Adding Turbulence

Once I had the point cloud loaded in XB PointStream, I needed to add some turbulence. I could have used the shader which the original demo used, but I found a demo by Paul Lewis which I liked a bit better. The demo isn’t quite as nice as the original, but given more time I could incorporate the original shader as well to make it just as good.

XB PointStream 0.8 Released

Free Cam Visible Human Projection

I lost a bit of momentum for this project while fixing some Processing.js tickets, so I’m releasing the tickets I completed for 0.8 now to keep things moving.

Download

You can download the library on this page which contains links to the minified and full versions.

Change Log

Some of the changes include:

  • Added functions to change projection (perspective and orthographic)
  • Created an ‘Export LOD’ script for Python
  • Added visible human demo
  • Created fake parser for testing
  • Added support to delete point clouds
  • Fixed ASC Exporter to work with Blender 2.59
  • And more fixes…

House of Cards WebGL Demo Source

On Wednesday I posted a video on YouTube of Firefox rendering Radiohead’s “House of Cards” point cloud data in WebGL. I’m now releasing the code for anyone to play with RIGHT HERE. If you download it, make sure to read the README file!

I tested the demo on Chromium and found that it didn’t work, so I’ll be debugging that over the weekend. If you find any other issues with the code or instructions or if you make a neat visualization, let me know!

Real-time WebGL Rendering of House of Cards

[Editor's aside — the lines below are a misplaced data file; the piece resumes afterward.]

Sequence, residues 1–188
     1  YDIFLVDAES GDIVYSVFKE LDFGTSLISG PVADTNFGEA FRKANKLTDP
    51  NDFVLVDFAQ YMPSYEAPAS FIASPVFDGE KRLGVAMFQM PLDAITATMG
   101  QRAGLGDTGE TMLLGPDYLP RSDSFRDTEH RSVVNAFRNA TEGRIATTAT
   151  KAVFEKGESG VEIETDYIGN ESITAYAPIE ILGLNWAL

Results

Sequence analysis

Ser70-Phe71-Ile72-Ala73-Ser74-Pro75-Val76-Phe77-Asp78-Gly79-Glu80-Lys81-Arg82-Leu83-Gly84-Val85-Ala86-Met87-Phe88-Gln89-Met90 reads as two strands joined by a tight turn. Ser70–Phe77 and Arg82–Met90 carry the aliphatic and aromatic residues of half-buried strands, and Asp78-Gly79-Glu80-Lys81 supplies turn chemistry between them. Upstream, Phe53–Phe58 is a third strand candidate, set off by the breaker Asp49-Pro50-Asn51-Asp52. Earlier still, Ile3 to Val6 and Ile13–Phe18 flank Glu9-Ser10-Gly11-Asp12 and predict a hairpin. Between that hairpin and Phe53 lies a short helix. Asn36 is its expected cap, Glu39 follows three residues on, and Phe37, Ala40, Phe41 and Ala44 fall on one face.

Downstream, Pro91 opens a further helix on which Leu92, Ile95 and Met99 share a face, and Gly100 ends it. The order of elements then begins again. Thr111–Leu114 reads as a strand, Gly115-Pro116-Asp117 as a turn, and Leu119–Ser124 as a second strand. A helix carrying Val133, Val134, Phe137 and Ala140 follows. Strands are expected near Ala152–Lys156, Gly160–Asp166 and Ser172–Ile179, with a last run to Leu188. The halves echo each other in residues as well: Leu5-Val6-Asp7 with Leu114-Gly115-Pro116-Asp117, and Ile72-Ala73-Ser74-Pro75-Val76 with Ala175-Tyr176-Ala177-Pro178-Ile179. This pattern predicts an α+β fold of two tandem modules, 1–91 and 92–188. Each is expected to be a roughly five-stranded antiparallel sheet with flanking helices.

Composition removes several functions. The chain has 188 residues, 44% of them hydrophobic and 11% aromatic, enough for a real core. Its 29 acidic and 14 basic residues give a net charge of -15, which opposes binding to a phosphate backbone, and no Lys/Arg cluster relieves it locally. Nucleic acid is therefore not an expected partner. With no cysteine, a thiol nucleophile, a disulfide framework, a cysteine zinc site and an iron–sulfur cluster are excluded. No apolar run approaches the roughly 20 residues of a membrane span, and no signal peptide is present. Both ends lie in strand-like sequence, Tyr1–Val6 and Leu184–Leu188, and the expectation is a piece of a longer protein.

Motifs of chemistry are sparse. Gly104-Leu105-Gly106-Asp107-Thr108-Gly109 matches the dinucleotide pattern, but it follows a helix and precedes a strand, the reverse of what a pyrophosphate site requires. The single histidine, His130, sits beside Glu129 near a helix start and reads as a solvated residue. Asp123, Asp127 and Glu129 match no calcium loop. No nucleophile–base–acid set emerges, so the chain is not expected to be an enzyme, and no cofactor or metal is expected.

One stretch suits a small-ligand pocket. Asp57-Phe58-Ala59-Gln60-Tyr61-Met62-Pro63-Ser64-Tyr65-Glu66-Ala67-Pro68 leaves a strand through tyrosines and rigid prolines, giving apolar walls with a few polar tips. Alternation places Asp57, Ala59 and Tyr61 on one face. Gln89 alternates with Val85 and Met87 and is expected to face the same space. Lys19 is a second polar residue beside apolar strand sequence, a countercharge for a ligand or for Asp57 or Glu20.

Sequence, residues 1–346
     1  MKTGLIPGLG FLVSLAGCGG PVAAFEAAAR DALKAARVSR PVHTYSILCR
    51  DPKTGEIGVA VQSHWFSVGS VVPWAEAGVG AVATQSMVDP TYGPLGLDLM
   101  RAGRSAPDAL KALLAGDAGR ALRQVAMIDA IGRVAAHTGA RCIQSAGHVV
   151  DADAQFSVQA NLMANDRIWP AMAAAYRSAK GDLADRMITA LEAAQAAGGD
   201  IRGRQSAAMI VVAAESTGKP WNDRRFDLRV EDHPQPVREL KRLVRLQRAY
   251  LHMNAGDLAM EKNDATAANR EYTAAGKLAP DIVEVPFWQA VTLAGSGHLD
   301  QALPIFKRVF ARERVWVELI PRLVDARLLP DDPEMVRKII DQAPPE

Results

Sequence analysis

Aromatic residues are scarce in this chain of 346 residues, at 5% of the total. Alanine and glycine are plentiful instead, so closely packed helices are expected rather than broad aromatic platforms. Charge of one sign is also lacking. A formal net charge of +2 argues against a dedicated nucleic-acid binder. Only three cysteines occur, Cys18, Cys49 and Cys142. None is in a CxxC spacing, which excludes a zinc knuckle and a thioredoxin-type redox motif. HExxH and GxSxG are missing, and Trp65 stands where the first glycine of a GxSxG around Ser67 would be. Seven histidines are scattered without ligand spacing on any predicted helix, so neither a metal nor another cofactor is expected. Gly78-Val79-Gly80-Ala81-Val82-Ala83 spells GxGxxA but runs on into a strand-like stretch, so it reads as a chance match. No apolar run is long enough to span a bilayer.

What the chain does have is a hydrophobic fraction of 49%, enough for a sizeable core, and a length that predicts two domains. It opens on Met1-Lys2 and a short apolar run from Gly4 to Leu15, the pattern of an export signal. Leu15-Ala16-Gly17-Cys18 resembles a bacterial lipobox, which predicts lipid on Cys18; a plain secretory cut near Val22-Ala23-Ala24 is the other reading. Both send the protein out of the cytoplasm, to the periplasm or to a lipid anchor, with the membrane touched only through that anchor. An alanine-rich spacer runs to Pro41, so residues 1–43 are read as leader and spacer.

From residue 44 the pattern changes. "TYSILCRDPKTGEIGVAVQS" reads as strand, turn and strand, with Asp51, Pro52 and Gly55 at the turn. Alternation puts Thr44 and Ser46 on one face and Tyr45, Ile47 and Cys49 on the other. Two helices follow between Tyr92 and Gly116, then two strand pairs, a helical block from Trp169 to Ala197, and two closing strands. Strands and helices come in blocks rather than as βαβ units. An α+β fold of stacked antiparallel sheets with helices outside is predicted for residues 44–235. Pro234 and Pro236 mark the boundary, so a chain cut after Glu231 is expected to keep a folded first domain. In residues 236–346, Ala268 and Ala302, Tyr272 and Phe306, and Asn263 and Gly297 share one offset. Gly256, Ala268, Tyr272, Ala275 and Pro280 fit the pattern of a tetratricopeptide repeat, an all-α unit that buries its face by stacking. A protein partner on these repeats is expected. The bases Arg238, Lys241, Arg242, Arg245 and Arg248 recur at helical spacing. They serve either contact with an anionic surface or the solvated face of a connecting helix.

Watch the Video

I was reading over the WebGL around the net roundup this week when I saw Mikko Haapoja’s rendering of a frame of Radiohead’s House of Cards. I thought this was neat and wondered if I could render the frames in real-time using XB PointStream.

CSV Parser

First I downloaded the House of Cards data and saw it was in CSV format. XB PointStream already has the architecture setup for user-defined parsers, so I was able to write one without changing the library itself.

User-defined Shader

To make things interesting I wrote a simple shader which changes the positions of the points and colors while the video plays. Again, I didn’t need to change the library since user-defined shaders are supported as well.

Performance Issues

When I first began rendering the video, I was using a MacBookPro 3.1 (2Ghz, 2GB RAM, GeForce 8600M GT 128MB), but Firefox began chugging after about 400 frames. Luckily my supervisor (Cathy Leung) saved me by giving me a new MBP 8.2 (2GHz, 8GB RAM, AMD Radeon HD 6490M 256MB). With this new system I was able to render it in real-time without any major issues.

There are 2100 frames of Thom Yorke singing which totals 880MB, so you can’t stream it online :c However, I’ll place all my work on Github if you’d like to tinker with it. Keep an eye on my blog when I make it available.